More than an action-cam, an “ecosystem”
GoPro is pushing the synergy ever further with its Quik app (available on Android and iOS) and its online platform.
If the basic editing functions are accessible free of charge, you must of course go through the subscription box (49.99 € / year) to benefit from all the features. The American firm mainly highlights two of them: the automatic downloading of files to your cloud storage and an automatic editing function of the best moments captured, directly at the time of the upload.
Automated editing of “highlights” online by AI
Once the camera is synchronized with your account and Wi-Fi network, you just have to turn it on when you return home to trigger the automatic uploading of photos and videos online. At the same time, GoPro’s AI is responsible for analyzing – if the option is activated – your sequences to produce a montage of the most significant actions.
A function which, if not yet perfect, is rather useful for those who do not master video editing techniques or who simply do not have time to comply with the exercise. This makes it possible to show fairly dynamic sequences of your last ski vacation or your first flight very easily, with a correct result in view of the little personal investment required.
A new, more defined, larger sensor with an unprecedented ratio
While the last evolution of the sensor dated back to 2020 with the Hero9 Black, the GoPro Hero11 Black upsets the game a little more with a sensor that is not only more defined (27 Mpx against 23 Mpx), but also a new ratio of 8: 7 unprecedented on the market.
By filming with the entire 1/1.9″ sensor, we can thus recover more data. According to GoPro, this makes it possible to crop the sequences without too much loss in order to adapt them to a broadcast on a smartphone. The maximum definition remains then the same: 5.3K up to 60 fps.
A very wide field of vision
In addition to this new ratio, the Hero11 inaugurates a “new focal length” with the “Hyperview” mode. It corresponds to a 12 mm lens in reference to the 24×36 format. This allows an even wider capture, but at the cost of sacred distortions. This angle of view should only be used for very specific scenes, after having carried out some preliminary tests; portraits should be avoided in particular, as this focal length is not particularly flattering for the subjects.
A dive always a little tight
GoPro is not really known for the sharpness of its images and it is not this new sensor that will change the situation. We thus find an image substantially identical to that of last year, hardly flattering if we crop too much.
Even if GoPro announces that the Hero11 can capture sequences in 10 bits – against 8 bits on the old models – this will only make some calibration enthusiasts happy, without real gain being perceived on a daily basis.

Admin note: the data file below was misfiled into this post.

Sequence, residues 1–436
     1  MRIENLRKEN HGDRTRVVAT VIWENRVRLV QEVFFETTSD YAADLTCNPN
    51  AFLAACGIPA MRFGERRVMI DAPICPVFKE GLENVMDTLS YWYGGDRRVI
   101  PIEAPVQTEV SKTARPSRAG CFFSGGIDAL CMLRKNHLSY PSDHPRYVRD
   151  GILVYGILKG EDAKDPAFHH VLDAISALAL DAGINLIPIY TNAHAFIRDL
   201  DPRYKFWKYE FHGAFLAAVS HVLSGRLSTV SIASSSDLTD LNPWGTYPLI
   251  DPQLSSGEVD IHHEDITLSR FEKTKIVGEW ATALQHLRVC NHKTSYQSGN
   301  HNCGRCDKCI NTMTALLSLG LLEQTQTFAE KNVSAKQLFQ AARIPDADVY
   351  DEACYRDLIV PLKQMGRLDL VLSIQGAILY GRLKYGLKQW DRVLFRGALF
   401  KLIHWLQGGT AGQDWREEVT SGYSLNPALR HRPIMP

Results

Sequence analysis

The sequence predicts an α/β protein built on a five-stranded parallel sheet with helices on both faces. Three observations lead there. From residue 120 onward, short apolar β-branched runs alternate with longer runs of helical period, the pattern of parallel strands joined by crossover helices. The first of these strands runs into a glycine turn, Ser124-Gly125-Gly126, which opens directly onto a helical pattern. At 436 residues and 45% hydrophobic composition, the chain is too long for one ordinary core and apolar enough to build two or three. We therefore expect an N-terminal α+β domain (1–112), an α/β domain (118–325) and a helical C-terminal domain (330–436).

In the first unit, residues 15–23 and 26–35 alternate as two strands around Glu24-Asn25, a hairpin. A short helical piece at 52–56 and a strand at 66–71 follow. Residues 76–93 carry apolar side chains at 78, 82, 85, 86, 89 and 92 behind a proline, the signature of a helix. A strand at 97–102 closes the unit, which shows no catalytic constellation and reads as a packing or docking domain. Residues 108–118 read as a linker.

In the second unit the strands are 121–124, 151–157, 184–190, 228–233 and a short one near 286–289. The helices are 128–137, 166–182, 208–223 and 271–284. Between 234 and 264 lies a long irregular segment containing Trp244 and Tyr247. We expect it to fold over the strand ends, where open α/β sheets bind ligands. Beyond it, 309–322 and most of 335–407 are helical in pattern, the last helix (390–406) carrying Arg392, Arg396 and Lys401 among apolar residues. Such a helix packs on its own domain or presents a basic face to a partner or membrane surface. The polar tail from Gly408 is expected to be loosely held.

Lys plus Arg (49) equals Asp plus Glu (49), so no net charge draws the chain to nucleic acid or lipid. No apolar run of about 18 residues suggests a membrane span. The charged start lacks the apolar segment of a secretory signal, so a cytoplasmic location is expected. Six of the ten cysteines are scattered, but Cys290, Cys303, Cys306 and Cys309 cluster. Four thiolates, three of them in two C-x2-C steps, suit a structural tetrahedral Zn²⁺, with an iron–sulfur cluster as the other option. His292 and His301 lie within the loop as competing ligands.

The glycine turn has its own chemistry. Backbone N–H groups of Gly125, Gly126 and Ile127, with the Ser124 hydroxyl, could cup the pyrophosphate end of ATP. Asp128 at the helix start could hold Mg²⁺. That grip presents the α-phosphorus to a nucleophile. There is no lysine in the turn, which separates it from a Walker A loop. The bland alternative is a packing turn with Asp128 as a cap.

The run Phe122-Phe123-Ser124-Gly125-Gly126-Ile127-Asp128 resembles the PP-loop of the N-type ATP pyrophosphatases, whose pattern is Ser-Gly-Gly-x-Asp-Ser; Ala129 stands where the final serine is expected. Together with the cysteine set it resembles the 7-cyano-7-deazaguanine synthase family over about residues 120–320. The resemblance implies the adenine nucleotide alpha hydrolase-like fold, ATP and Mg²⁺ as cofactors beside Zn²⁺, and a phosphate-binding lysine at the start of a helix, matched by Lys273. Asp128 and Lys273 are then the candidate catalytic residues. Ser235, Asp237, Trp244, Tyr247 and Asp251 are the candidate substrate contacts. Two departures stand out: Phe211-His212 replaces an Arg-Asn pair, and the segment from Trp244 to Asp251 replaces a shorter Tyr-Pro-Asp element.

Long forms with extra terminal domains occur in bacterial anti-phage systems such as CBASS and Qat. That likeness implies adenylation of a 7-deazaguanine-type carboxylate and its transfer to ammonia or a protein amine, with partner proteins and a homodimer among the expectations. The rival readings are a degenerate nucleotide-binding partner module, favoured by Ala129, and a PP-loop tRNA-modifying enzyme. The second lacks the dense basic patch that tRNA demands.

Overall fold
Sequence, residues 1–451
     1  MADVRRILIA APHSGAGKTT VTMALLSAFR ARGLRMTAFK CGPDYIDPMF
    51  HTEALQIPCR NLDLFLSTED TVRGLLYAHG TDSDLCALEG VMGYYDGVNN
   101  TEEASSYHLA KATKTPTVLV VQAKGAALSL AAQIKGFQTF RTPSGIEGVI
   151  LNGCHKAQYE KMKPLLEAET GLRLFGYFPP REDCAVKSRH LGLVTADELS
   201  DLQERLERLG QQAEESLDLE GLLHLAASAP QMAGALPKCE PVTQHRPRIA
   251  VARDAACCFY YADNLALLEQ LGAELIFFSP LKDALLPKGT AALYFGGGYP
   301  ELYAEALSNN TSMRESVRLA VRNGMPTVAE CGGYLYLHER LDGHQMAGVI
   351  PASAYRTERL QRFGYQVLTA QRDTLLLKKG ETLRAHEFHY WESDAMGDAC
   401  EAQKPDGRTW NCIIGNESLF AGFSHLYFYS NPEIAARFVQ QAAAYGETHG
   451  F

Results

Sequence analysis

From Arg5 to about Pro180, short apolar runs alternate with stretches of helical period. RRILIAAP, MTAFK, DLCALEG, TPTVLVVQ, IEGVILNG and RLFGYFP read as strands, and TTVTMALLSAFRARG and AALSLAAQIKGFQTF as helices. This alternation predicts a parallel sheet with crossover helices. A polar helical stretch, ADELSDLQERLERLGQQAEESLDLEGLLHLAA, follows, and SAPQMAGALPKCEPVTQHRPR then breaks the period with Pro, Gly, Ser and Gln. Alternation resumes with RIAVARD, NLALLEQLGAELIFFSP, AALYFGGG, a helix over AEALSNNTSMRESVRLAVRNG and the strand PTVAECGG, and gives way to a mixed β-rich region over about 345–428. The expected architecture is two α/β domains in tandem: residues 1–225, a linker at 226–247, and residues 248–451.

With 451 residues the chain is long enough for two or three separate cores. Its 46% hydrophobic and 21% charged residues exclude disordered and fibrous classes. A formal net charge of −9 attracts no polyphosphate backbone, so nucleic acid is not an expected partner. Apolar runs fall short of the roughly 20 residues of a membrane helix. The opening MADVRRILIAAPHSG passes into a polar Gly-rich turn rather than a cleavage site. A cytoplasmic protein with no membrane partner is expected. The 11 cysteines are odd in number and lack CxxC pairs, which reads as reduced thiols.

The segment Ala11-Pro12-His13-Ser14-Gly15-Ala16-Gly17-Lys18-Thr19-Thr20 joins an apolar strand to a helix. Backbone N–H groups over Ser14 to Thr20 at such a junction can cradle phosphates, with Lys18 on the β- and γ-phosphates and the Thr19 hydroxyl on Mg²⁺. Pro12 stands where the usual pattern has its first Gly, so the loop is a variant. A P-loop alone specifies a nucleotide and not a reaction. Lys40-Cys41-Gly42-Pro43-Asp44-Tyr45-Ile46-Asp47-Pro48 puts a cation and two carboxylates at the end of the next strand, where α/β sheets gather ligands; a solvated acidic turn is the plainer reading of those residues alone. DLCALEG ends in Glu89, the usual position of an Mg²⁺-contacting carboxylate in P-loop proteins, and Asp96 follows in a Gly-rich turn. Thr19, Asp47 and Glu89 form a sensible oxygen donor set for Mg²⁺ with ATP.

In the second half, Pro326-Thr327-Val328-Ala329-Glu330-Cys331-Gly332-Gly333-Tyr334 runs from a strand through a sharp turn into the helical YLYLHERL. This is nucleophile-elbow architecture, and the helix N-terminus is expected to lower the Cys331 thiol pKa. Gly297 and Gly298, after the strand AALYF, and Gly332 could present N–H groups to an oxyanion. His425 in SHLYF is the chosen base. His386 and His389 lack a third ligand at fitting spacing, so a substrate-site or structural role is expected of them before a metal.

Almost foolproof stabilization
The real strength of the Hero11 is therefore to offer a wide multitude of frames with its new sensor, and of course foolproof stabilization. Indeed, the in-house stabilizer (HyperSmooth) shifts into fifth gear for even more stability.
There is also now an “auto” mode which gives the camera full latitude to adjust the intensity of stabilization after recording, depending on the types of movements detected. It is added to the previous “activated” and “boost” modes, the latter generating a significant cropping of the image.
Highly efficient 360° horizon compensation
While the Hero10 was limited to a compensation of the horizon on “only” 45° already bluffing, the Hero11 can compensate the level of the horizon of a movement at 360°; is a complete rotation! In other words, you can do a complete loop with the camera in hand without the image moving, and with a horizon that is always well positioned. This feature was introduced by DJI after an update to the firmware of Action 2.
So we rotated a Hero10 Black and a Hero11 Black clamped together. The result is quite astounding. The two images indeed come from the two cameras synchronized during the same movement. It is also possible to observe the flare caused by the Sun “following” the rotation on the stabilized plane of the Hero11. Without it, it would be almost impossible to think that the Hero11 has moved.
In comparison, the Hero10 takes a little bit of old, it which was however until then the reference on this point.
Successful association between large sensor and algorithms
The algorithms of the Hero11 Black are so accomplished that they allow horizon locking even in 5.3K at 30 fps, where the DJI Osmo Action 3 can only achieve this feat in 2.7K. On the other hand, as with the Hero10, it will be necessary to be satisfied with maintaining the horizon up to 27° in 5.3K 60 fps, 4K 120 fps and 2.7K 240 fps.
In the age of streaming, still no 4K on the horizon. The Hero11 Black is still limited to FHD definition for live streaming. However, Hypersmooth 5.0 stabilization remains active during this one.